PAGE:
In March 2004, a judge at Maidstone Crown Court sentenced Antoni Imiela, a 49-year-old Briton of German and Polish origin to seven life sentences for the rape of seven women and girls aged 10 to 52 in Kent, Surrey, London and Hertfordshire, with a further 29 years for the kidnap, indecent assault, and attempted rape of a 10-year old girl in Birmingham. As most of the crimes took place around London and the Home Counties, the press named him the ‘M25 Rapist’.
Imiela’s convictions were based on evidence from the women and girls, and on forensic evidence from a number of disciplines.
According to the Forensic Science Service, the search for Imiela was the biggest linked police enquiry since the hunt for the Yorkshire Ripper.
The first attack was in November 2001, when a 10-year-old girl was kidnapped from outside a community centre in Ashford, Kent, and taken to woodland and raped. The forensic analysis began with a profile of DNA samples taken from the rape victim. DNA (deoxyribonucleic acid) is genetic material, identical in every cell in the body in all but very rare cases. DNA profiling, developed in the 1980s by a British geneticist, Sir Alec Jeffreys, is very accurate and likelihood of misidentification, though technically possible, is uncommon.
When scientists compared Imiela’s profile with the one taken from the child, there was no match with either the national DNA database or samples taken from 2,000 local men.
The next attack, in July 2002, was of a 30-year-old woman who was raped in Earlswood, in Surrey.
The forensic scientists used a technique developed by the Forensic Science Service called low copy number (LCN) DNA profiling. This creates a DNA profile from a very small amount of starting material – perhaps just from a few cells. These fragments of DNA matched the ones in the first case.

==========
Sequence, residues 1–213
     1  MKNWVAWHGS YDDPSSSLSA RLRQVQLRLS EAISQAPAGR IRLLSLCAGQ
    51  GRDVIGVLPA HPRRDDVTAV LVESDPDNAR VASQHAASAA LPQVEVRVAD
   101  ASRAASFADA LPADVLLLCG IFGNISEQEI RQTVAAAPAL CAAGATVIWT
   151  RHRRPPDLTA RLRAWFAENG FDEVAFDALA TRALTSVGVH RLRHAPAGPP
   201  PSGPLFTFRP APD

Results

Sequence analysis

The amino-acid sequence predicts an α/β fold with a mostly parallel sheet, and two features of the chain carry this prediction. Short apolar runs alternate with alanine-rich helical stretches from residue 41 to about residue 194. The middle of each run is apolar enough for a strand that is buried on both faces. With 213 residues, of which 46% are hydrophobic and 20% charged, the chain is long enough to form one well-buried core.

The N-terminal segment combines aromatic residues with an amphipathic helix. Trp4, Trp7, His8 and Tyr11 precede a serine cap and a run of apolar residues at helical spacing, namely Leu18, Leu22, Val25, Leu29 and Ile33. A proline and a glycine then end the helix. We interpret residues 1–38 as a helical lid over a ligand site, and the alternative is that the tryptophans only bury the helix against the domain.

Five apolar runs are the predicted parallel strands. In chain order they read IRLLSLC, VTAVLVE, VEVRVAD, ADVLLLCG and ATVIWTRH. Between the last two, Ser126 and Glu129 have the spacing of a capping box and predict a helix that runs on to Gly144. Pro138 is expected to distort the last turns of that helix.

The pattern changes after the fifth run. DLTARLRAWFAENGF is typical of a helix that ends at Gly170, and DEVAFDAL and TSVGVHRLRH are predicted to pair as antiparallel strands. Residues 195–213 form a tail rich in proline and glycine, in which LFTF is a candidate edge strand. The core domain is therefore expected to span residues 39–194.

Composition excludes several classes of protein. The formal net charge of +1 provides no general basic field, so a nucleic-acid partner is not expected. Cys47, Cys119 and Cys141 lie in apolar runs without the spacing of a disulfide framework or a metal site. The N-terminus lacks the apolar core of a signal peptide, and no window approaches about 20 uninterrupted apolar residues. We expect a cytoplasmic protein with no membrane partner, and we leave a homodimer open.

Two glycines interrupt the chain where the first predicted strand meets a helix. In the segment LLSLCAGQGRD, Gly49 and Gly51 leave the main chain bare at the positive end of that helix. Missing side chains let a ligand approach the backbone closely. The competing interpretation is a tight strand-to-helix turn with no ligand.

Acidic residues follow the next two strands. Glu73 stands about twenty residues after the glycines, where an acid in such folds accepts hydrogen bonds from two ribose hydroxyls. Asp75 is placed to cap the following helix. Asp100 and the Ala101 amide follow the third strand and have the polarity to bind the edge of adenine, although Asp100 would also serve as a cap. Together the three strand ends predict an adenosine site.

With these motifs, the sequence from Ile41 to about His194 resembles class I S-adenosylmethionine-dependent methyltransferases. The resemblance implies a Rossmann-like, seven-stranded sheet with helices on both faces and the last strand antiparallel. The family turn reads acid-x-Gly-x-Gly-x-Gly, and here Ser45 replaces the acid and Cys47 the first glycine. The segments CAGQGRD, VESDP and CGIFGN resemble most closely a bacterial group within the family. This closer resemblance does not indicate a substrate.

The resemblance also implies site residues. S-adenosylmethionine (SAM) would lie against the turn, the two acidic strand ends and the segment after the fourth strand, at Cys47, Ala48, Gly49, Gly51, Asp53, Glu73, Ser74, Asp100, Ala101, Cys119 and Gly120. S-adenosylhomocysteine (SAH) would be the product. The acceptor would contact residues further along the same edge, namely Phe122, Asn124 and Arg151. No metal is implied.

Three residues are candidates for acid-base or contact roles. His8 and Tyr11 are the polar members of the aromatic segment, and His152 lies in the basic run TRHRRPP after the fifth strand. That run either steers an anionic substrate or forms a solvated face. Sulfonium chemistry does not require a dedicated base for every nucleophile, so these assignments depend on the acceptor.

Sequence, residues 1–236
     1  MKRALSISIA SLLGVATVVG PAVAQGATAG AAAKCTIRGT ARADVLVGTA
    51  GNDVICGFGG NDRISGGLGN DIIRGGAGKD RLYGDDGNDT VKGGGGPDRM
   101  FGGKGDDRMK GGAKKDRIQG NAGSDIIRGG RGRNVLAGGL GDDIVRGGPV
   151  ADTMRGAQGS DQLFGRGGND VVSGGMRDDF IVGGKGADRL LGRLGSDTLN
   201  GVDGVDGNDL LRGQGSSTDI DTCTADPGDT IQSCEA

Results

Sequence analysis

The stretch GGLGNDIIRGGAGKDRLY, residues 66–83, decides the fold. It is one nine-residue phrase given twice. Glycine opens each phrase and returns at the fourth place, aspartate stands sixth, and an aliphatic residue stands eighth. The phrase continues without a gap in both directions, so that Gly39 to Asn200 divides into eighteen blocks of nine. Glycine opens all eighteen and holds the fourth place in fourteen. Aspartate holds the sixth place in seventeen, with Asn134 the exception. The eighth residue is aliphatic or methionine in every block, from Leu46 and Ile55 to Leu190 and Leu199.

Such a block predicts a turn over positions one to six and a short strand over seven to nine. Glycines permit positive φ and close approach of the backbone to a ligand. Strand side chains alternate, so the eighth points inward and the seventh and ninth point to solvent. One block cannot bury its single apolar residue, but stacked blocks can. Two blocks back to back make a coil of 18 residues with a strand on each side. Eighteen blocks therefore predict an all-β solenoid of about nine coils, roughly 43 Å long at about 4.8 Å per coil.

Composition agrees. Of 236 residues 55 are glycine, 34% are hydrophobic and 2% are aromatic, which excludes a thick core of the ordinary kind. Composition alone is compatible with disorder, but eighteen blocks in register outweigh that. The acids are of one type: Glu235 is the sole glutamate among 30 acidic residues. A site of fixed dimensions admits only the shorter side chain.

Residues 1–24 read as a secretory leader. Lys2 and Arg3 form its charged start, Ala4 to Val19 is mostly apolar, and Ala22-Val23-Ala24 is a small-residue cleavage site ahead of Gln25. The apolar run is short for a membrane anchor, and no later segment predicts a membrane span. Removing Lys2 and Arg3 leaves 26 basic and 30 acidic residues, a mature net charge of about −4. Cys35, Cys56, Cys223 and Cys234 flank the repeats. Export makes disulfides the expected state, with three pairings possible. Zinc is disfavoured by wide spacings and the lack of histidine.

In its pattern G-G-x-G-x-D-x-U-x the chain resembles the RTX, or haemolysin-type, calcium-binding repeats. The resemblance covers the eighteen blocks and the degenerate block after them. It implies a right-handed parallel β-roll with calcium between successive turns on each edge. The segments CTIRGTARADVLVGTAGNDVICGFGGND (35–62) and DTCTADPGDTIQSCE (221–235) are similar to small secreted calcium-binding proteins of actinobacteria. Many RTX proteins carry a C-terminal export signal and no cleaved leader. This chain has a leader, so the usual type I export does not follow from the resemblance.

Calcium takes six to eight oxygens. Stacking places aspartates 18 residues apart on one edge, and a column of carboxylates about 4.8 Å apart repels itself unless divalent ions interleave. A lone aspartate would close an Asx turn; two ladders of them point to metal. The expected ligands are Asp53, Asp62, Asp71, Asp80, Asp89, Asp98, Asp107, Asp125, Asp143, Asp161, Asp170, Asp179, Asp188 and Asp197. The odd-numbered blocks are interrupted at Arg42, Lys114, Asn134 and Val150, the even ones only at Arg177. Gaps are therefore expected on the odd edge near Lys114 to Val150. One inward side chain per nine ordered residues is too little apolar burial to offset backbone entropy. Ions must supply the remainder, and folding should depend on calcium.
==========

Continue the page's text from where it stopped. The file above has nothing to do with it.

Following the rapes of a 26-year-old woman on Putney Common in London on the same day in July 2002, a 52-year-old woman on Wimbledon Common, London in August 2002, and a 26-year-old woman in Epsom, Surrey, also in August 2002, the forensic scientists screened the DNA of 1000 men but could not find any matches.
In October 2002, the rapist abducted a 14-year-old girl in Stevenage (Hertfordshire) and raped her at knifepoint. The girl was able to provide a description of her attacker. Following a release of the description, and anonymous caller gave the police a tip-off and Imiela came in to provide a DNA sample.
Two days after this, in November 2002, he abducted and indecently assaulted a 10-year-old girl in Birmingham. Forensic scientists found hairs in Imiela’s car with DNA matching that of the 10-year old girl.
Imiela’s DNA sample matched the DNA from the first rape, and the police arrested him in December 2002.
Forensic scientists found a number of brightly coloured fibres on the victim’s clothes, which may have come from Imiela – this is called ‘secondary transfer’. Long and careful study found that these matched fibres from jackets worn by rail workers (Imiela worked on the railways) and even the curtains in Imiela’s home.
Evidence from use of mobile phones and bankcards put Imiela in the same areas as the rapes. Imiela had used a victim’s bag as a pillow during one rape and this had his fingerprint on it.
Imiela claimed that he was innocent, and that the DNA evidence was a mistake and the fingerprint was a fabrication.
Overall, more than 100 people from five Forensic Science Service laboratories, including scientists and support staff, worked on the Imiela case, and processed DNA samples from more than 3500 men.